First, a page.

book review

Crossing Over: "Dreams to Remember" Book Review

Sep 3, 2015

In Dreams to Remember, Mark Ribowsky covers the Otis Redding saga beginning with Redding’s age-fifteen experience singing in the Macon, Ga. clubs with songstress Gladys Williams; moving on to work with showy guitarist Johnny Jenkins; and all-the-while observing the successes of fellow Maconites Little Richard and James Brown.

Soul music was just evolving from the rhythm and blues genre and riding the wave of rock and roll. Otis’ timing was good and his mentors in place, but his life was to be short. This life story is well-researched and documented.

In his new memoir, It’s a Long Story: My Life, Willie Nelson portrays himself as Texas outlaw, rebel, and anti-establishment musician with an enduring professional integrity. He began as a country blues guitar picker and aspiring songwriter. His singing was applauded by the locals in the Texas roadhouses and juke joints, and his friends said he had written some great songs. However, Nashville record companies rejected him.

Book Review: Santana - Pioneering Latin Rock

Feb 27, 2015

As I work through the autobiography of any rock guitarist, (e.g. Keith Richards, Eric Clapton, Neil Young, and now Carlos Santana), I speculate on the actual writing involvement of the subject.

In this memoir, The Universal Tone: Bringing My Story to Light, journalist Ashley Kahn and tour companion/musician Hal Miller headline the “Acknowledgements” page.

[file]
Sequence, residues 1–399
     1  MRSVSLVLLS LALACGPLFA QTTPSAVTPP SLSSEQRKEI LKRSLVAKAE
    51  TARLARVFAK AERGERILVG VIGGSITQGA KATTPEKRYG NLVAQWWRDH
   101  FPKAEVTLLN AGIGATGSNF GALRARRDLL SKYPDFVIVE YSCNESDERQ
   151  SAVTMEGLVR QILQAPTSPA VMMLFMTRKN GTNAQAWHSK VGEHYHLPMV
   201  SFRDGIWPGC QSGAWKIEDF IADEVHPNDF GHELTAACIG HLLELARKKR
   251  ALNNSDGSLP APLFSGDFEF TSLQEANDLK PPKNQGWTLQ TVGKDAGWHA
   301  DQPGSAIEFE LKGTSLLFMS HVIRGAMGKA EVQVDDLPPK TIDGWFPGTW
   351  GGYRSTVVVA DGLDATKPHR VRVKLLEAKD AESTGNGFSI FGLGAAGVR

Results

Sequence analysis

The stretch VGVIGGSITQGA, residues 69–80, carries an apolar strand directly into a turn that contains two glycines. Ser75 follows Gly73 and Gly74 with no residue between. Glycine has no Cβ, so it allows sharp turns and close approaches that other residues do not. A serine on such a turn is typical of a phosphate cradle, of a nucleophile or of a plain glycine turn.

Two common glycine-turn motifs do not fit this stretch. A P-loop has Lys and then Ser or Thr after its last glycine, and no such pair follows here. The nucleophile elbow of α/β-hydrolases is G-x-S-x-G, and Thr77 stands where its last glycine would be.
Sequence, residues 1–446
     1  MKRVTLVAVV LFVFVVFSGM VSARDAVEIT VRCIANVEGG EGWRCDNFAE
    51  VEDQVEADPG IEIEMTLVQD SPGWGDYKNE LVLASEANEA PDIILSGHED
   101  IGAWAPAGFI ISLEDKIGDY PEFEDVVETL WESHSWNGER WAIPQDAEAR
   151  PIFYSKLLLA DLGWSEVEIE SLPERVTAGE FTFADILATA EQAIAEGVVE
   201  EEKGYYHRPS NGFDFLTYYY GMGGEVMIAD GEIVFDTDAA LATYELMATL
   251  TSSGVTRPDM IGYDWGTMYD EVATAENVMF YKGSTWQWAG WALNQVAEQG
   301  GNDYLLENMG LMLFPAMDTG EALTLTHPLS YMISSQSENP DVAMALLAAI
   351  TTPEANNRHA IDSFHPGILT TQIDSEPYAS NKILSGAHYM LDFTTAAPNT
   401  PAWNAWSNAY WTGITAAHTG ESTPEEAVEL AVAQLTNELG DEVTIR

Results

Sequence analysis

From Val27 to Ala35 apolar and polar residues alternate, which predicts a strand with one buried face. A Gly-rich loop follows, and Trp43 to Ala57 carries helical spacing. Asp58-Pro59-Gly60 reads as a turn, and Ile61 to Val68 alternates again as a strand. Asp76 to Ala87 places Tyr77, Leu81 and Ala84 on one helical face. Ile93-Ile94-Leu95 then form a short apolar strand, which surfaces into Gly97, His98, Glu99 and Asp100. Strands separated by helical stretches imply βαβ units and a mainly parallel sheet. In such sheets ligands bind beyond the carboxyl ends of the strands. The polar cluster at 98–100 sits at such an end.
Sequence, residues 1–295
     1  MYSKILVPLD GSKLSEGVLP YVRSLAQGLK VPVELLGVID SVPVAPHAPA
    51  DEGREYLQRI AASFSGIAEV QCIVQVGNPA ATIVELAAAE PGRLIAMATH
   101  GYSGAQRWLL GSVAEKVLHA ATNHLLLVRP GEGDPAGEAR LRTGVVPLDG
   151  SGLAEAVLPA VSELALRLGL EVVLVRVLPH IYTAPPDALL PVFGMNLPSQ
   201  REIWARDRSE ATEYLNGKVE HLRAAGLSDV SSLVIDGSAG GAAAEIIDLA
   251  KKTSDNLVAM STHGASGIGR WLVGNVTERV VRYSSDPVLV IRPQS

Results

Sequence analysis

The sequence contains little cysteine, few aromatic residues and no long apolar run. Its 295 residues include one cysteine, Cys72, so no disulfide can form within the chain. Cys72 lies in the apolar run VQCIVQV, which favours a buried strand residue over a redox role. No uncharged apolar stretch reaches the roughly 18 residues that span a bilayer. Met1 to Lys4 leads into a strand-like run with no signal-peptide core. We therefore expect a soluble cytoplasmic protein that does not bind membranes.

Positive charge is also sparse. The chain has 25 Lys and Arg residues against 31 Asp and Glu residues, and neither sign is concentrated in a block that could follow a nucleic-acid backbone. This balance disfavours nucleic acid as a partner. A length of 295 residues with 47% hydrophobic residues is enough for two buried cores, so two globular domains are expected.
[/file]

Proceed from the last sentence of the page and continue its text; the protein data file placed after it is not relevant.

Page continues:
Review: Best American Essays 2013

May 20, 2014

The Best American Essays, edited by Cheryl Strayed, is an anthology worth reading if you enjoy the strictly personal narrative.  And, although the essays in the collection offer a wide breadth of writing approaches, there's a sameness to them that makes the 2013 collection less than rewarding.

The collection has a round up the usual suspects feel to it, as the essayists deal with the all-too-familiar and the all-too-ordinary.

Guns, Germs, and Steel - still valid?

Apr 16, 2014

In this book review, Dr. Robert Greer reflects on the 1998 Pulitzer Prize non-fiction book Guns, Germs and Steel by Jared Diamond.

Does it hold up?  Are Diamond's late 20th century conclusions and forecasts enduring?  Click on the "Listen" bar above to hear Dr. Greer's view.

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